At this point, all I've given you is a set of tables that can store metadata about database tables and their relationships - they pretty much reflect a subset of what you can get from the system views. Let's take a look at the process for capturing this information as the database is modified. The following are the major steps:
After these steps are done any change to any table or relationship will result in a new version of the information being stored in the Entity Tracker database. Over time, this will allow us to monitor how the data model has changed for a particular database.
Attached is a zip that contains the SQL needed to create the Entity Tracker database tables, UpdateSchemaRelations stored procedure, and UpdateSchemaVersion DDL trigger. Let's take a look at each step and some of the code.
1) Create the EntityTracker database - That's actually not in the zip (CREATE DATABASE ENTITYTRACKER is all you need or use SSMS). You might want to call it something else, that's not a problem, but you'll need to modify the UpdateSchemaRelations stored procedure in that case to match. The reason is that this stored procedure is actually implemented into the target database in addition to the DDL trigger. The reason is that the stored proc references system tables from the database being monitored and I haven't figured out a way to get the stored proc to be able to do that aside from putting it into the target DB (if somebody else knows a way, please comment).
2) Next, the change log and supporting tables (the ones from the diagram in the introductory post) need to be created along with the view to facilitate querying relationships. The script EntityTracker.Tables.sql and EntityTracker.Views.sql in the EntityTrackerCore.zip handles this. Note, we only care about the view_SchemaTableRelations view at this point, you can disregard the other views for now.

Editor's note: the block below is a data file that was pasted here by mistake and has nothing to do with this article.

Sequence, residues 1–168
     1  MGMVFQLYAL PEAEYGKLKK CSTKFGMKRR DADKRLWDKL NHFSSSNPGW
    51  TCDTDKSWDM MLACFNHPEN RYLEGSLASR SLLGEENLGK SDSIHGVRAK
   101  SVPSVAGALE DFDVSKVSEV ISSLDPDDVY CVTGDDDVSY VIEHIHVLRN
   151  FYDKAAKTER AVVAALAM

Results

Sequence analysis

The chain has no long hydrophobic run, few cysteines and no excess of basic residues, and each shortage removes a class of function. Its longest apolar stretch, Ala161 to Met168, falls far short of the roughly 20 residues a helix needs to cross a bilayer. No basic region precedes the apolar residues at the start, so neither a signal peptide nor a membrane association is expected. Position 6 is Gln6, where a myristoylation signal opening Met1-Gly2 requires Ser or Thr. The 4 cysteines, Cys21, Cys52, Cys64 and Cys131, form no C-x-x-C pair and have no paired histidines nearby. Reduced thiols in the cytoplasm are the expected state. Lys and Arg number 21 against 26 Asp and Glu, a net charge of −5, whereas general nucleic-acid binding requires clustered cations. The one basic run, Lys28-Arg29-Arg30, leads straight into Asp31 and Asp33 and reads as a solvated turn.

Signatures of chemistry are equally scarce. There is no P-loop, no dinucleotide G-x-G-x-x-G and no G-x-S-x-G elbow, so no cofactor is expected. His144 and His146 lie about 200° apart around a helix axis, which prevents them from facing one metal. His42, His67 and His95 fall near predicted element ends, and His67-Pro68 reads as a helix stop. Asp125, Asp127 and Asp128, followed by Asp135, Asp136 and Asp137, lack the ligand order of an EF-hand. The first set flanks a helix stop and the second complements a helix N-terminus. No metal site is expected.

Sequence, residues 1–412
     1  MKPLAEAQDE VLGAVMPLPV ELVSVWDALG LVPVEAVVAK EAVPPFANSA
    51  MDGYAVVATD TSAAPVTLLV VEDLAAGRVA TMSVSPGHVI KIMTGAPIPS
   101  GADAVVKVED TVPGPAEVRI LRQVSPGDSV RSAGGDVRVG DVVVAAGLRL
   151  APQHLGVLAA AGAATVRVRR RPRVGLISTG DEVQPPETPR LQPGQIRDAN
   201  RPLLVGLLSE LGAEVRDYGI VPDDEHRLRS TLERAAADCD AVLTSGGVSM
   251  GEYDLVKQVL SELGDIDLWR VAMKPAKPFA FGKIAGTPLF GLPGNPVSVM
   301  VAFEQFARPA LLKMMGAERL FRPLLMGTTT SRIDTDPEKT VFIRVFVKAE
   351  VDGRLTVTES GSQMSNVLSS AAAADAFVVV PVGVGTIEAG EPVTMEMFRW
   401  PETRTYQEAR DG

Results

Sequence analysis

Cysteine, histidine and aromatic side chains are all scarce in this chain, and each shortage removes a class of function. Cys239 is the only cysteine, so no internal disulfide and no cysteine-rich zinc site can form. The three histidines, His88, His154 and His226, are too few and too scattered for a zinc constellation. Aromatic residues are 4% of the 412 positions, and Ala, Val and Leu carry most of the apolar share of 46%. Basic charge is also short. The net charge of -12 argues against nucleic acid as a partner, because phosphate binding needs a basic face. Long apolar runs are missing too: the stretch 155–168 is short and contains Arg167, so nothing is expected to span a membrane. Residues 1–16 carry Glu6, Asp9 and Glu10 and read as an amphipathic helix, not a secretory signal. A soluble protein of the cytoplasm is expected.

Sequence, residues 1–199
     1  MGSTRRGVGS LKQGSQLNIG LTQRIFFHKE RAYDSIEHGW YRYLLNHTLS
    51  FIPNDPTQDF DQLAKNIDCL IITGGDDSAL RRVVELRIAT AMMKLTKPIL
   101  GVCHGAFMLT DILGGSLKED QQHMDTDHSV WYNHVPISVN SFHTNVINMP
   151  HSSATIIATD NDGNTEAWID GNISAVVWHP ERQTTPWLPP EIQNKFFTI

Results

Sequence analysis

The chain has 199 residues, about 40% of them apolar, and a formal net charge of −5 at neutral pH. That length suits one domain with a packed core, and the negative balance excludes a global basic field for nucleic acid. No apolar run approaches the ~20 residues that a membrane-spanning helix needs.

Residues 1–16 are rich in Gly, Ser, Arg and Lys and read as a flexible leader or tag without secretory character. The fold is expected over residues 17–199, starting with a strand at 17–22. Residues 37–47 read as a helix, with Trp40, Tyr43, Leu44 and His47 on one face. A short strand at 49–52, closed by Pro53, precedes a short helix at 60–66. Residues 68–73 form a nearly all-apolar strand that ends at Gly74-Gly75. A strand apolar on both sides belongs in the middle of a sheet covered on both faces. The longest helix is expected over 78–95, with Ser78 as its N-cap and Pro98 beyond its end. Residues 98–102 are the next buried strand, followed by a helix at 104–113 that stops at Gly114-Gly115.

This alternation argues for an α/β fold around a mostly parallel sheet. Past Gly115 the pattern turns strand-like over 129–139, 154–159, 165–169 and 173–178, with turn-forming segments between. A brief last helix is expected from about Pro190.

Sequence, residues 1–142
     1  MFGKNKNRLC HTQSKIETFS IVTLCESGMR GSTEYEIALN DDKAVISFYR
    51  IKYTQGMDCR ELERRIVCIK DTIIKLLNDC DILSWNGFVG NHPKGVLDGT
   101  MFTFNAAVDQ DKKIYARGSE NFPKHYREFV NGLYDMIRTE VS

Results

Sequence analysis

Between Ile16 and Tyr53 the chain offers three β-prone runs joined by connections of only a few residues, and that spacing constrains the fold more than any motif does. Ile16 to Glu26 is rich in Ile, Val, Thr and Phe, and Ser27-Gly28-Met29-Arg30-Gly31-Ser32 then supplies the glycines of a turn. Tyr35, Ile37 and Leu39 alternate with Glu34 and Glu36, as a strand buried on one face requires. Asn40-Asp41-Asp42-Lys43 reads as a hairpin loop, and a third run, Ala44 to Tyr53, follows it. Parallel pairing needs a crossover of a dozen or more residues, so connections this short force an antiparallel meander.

3) Create supporting stored procedure (UpdateSchemaRelations) for DDL Trigger to invoke and supporting user-defined function. These files are named UpdateSchemaRelations.Procedure.sql and the function is found in EntityTracker.Functions.sql (We are only interested in the dbo.udf_GetTableMaxDepth function in the EntityTracker.Functions.zip). This is the core logic that actually makes the snapshot of the data. Where possible, the procedure uses standard Information Schema views with the exception of the relationships snapshot (had to use Sys.Indexes for retrieving key info due to problem with unique index not included as table constraints when the primary columns are already defined as a separate primary key).
Before getting buried in the code, let's look at the high-level logic:
For the next posts, we'll drill down into the specific .SQL code and finally we will look at the user interface in more detail. I'll also make a live demo available that you can use to get an appreciation of the user experience. After that, we'll go back down into the code used to support the UI and discuss extending this technique for other scenarios.